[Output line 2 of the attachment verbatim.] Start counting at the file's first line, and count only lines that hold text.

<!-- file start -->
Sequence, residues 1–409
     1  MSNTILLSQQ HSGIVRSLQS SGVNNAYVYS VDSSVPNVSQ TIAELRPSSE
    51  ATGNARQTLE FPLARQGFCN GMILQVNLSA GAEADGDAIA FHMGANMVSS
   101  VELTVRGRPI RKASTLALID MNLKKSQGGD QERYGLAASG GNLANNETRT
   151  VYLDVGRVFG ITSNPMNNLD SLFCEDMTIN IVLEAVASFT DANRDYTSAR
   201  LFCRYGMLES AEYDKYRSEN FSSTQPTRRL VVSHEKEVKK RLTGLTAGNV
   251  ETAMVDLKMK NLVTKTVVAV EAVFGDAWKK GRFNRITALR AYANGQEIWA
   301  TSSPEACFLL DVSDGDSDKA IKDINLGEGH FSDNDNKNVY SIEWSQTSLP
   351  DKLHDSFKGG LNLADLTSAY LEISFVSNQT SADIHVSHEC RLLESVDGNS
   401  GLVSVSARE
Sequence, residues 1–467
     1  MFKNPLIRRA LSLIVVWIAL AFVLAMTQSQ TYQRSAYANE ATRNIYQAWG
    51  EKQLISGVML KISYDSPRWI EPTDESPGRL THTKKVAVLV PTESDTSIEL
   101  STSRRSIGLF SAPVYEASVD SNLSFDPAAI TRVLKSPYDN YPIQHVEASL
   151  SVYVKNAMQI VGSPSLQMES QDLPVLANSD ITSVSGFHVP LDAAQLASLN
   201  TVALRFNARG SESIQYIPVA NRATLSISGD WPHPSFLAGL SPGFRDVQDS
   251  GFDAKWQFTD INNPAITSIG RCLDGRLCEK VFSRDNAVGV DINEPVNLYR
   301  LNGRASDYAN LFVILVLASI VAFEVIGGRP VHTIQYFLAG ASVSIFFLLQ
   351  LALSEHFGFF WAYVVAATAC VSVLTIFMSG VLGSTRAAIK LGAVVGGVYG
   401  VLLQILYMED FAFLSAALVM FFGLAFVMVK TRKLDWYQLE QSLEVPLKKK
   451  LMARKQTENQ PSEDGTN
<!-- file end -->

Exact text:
     1  MSNTILLSQQ HSGIVRSLQS SGVNNAYVYS VDSSVPNVSQ TIAELRPSSE